# How do I select the number of distinct days in a date range?

I'm trying to use the T-SQL function DATEDIFF to select the number of distinct dates in a time period.

The following query:

```SELECT DATEDIFF(DAY, '2012-01-01 01:23:45', '2012-01-02 01:23:45')
```

selects 1, which is one less than I want. There are two distinct dates in the range: 2012-01-01 and 2012-01-02.

It is not correct to add one to the result in the general case. The following query:

```SELECT DATEDIFF(DAY, '2012-01-01 00:00:00', '2012-01-02 00:00:00')
```

selects 1, which is correct, because there is only one distinct date in the range.

I'm sure there is a simple bit of arithmetic that I'm missing to calculate this. Can someone help me?

```SELECT DATEDIFF(DAY, '2012-01-01 01:23:45', '2012-01-02 01:23:45')
```

Given this example, it should still be 1, because there is only one day that has passed. Even if you are considering the start of a day, it would still be only one (as this range includes the start of only 2012-01-02 00:00:00).

```SELECT DATEDIFF(DAY, '2012-01-01 01:23:45', '2012-01-02 01:23:45')
```

and

```SELECT DATEDIFF(DAY, '2012-01-01 00:00:00', '2012-01-02 00:00:00')
```

Should be the same, as mathematically they are the same range. DATEDIFF compares based on the granularity of the first paramter. You are comparing by day, so SQL Server will see 2012-01-01 to 2012-01-02 as a 1 day difference.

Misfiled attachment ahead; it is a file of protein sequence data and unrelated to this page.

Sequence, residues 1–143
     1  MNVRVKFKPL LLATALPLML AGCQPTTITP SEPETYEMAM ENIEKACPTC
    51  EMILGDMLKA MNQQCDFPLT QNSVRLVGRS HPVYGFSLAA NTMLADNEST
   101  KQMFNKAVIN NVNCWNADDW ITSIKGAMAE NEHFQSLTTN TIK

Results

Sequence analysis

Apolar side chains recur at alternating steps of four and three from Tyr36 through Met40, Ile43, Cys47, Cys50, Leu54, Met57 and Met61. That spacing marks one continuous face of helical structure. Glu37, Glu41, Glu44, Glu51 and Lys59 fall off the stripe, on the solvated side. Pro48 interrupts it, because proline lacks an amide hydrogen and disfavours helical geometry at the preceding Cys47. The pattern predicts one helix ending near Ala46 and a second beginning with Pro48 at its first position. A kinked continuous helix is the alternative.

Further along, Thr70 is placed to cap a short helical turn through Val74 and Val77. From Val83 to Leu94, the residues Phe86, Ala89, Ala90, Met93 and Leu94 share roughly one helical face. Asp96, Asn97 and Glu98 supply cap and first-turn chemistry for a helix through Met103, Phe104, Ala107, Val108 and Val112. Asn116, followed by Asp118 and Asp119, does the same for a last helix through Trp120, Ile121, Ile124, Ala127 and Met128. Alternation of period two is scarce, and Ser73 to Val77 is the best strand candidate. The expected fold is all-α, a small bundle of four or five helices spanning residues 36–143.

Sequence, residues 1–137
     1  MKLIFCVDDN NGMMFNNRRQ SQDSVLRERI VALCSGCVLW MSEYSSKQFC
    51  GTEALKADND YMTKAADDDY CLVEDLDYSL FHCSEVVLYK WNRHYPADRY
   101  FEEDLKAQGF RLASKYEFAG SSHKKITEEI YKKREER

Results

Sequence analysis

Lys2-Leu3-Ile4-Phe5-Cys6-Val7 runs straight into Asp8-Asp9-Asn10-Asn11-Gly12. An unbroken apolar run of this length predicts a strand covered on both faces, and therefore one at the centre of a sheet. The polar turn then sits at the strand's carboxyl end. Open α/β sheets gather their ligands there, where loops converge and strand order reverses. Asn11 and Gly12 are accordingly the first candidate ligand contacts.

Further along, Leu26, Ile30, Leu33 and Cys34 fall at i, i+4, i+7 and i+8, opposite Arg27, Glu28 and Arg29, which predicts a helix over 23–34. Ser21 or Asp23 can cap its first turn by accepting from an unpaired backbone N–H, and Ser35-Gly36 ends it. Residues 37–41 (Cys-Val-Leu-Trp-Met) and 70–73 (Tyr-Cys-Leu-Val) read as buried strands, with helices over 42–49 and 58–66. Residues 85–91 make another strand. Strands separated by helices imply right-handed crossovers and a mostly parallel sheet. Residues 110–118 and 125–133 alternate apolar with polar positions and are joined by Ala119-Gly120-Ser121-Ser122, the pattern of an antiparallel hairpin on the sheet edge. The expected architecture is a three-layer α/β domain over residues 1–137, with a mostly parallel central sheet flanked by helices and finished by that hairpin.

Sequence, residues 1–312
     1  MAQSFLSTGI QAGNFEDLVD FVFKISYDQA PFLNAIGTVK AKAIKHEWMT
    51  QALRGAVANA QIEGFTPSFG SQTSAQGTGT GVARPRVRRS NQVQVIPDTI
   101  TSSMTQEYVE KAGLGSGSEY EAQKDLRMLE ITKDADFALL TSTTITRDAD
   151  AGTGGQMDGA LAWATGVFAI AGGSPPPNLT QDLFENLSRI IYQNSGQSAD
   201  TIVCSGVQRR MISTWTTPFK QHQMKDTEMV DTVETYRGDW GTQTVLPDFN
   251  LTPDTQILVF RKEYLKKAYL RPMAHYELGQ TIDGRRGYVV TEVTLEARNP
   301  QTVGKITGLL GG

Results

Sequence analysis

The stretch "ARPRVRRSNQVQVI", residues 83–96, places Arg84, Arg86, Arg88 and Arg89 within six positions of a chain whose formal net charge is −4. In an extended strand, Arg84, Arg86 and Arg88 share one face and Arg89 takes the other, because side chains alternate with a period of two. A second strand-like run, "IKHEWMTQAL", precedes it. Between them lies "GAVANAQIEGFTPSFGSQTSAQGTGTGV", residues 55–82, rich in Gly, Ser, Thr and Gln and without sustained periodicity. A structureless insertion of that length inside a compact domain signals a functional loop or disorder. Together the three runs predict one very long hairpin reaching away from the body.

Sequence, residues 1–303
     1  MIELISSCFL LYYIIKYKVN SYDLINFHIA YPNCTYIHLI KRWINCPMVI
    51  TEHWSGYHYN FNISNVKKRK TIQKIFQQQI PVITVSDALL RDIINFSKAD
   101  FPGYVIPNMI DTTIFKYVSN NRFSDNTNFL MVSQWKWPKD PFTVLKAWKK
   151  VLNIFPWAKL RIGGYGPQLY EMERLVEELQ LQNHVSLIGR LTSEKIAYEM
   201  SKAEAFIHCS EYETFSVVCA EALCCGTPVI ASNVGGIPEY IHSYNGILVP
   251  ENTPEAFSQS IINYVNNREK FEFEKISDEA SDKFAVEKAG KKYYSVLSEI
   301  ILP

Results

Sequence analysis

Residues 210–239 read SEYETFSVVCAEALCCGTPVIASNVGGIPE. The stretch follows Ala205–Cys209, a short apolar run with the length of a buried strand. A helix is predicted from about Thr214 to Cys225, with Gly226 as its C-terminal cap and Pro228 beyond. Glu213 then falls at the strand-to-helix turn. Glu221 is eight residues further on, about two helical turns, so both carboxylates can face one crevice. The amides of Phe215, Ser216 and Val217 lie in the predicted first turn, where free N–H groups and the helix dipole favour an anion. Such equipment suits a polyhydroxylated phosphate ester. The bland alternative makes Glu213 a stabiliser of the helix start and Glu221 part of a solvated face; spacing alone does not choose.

An extremely ugly (and in my opinion, bad) workaround would be something like this:

```SELECT DATEDIFF(day, yourStartDate, dateadd(ss, -1, yourEndDate)) + 1
```

What this would do is handle inclusive dates. So you could basically have this:

```SELECT DATEDIFF(DAY, '2012-01-01 01:23:45', dateadd(ss, -1, '2012-01-02 01:23:45')) + 1
```

Would equal 2 and this:

```SELECT DATEDIFF(DAY, '2012-01-01 00:00:00', dateadd(ss, -1, '2012-01-02 00:00:00')) + 1
```

Would equal 1. I don't think this is the best idea in the world, but it will give you your desired output. It all boils down to business logic.